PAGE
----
But the familiarity of bad academic writing raises a puzzle. Why should a profession that trades in words and dedicates itself to the transmission of knowledge so often turn out prose that is turgid, soggy, wooden, bloated, clumsy, obscure, unpleasant to read, and impossible to understand? - "Why Academics' Writing Stinks" Chronicle of Higher Education, September 26, 2014.
I turned in the second draft of my book on creativity Teaching Outside the Lines to my editor at Corwin Press a couple weeks ago. Commercial book publishing is a long and involved process of which actually writing the first draft is perhaps the easiest and most enjoyable part. (See "So you want to write a book" Blue Skunk, 12/29/11).
I wrote the second draft with an eye to comments made by six or seven reviewers to whom the manuscript had been sent. While I would love to say that each and every reviewer had nothing but praise for the brilliance of my work, I'd be a big fat liar. Seeing faults in our writing (as with our grandchildren) is difficult, if not impossible. That's why everyone needs the outside, critical eye.
While many of the suggestions for improvement dealt with content (more stories, more examples, see this work by ______, clarify this idea, etc.), this book's criticisms, more than any of the other eight I've written, dealt with its tone.
While my writing style has always been purposely informal (to avoid the pitfalls of academic writing in the opening quote), I intentionally worked on a more conversational voice in this book on creativity. What I did not realize until some lines were singled out by several reviewers, was that some of my off-hand remarks were taken as sarcastic. Ouch!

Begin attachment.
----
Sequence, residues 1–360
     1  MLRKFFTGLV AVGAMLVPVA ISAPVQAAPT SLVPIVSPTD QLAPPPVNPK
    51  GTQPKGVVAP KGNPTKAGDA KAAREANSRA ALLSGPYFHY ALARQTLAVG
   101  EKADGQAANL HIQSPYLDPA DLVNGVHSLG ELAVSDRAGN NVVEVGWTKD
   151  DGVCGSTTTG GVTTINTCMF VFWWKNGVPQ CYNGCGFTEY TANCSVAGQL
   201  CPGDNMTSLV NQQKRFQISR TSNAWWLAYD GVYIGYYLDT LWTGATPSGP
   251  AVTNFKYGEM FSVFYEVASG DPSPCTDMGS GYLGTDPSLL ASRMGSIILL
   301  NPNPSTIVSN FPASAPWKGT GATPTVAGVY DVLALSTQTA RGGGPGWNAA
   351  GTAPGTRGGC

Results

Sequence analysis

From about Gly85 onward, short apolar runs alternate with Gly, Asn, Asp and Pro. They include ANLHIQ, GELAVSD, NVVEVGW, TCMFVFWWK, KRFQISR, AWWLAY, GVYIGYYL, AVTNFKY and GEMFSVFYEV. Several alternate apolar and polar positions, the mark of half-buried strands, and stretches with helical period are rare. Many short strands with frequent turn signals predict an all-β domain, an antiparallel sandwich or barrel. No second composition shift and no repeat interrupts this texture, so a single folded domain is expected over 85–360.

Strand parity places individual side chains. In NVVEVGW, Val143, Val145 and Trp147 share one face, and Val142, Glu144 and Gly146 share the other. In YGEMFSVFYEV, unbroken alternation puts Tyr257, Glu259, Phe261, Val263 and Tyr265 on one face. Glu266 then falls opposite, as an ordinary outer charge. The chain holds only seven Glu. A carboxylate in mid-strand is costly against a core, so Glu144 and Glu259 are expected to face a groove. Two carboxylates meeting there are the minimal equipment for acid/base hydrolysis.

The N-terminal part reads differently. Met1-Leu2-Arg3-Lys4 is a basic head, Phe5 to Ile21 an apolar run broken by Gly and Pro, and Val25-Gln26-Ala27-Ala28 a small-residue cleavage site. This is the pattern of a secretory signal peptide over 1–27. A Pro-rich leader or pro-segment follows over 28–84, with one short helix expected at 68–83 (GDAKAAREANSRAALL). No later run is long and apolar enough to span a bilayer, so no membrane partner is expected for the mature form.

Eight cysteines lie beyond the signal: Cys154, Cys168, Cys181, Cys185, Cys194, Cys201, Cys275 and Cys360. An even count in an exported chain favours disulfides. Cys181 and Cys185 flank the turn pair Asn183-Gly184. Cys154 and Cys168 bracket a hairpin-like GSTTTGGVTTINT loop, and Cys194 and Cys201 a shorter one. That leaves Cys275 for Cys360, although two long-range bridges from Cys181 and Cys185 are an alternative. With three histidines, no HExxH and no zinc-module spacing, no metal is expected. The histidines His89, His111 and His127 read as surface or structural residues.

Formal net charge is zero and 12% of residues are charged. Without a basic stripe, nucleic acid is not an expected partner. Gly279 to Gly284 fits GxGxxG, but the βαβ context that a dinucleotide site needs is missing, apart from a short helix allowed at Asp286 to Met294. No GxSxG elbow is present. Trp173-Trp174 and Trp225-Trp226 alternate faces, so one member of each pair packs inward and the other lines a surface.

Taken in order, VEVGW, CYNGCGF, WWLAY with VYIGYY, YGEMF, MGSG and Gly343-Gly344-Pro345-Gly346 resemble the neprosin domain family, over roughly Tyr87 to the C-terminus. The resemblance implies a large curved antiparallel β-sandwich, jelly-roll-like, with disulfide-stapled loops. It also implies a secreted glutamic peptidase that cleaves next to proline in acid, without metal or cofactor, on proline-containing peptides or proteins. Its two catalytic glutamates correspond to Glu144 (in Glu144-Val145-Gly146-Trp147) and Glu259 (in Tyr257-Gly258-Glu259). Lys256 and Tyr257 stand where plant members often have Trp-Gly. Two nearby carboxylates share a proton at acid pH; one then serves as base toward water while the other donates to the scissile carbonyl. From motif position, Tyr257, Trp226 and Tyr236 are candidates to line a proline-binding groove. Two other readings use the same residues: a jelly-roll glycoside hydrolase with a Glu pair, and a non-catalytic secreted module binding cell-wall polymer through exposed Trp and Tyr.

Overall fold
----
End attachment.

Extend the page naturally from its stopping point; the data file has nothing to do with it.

As the Spanish proverb states, if three people call you an ass, look for a saddle. I re-wrote, eliminating the side comments that could be viewed as mean or dismissive while still keeping the narrative voice and personal tone of the work.
After writing for professional publication for 20+ years, I am still not sure exactly what it takes to get one's writing read...
- Compelling topic and an original treatment of it.
- Userfulness and WIIFM (What's in it for me) clearly stated, upfront.
Personally, I always like a bit of humor and humility in my non-fiction reading. Serious topics do not always demand serious writing styles; difficult topics don't always require difficult language.
It's always seemed to me that the best ideas in the world if trapped in incomprehensible writing, might just as well stay in the mind of the originator.
What do you, as a reader, like in your professional writing?
Oh, here is the rest of the schedule for my book...
A brief outline of the upcoming production process for your book follows, and the items in bold are stages that will directly involve you:
- Copyediting — November
- Typesetting — December
- Proofreading and Indexing — January
- Corrections — February
- To Press — March
- Publication! — April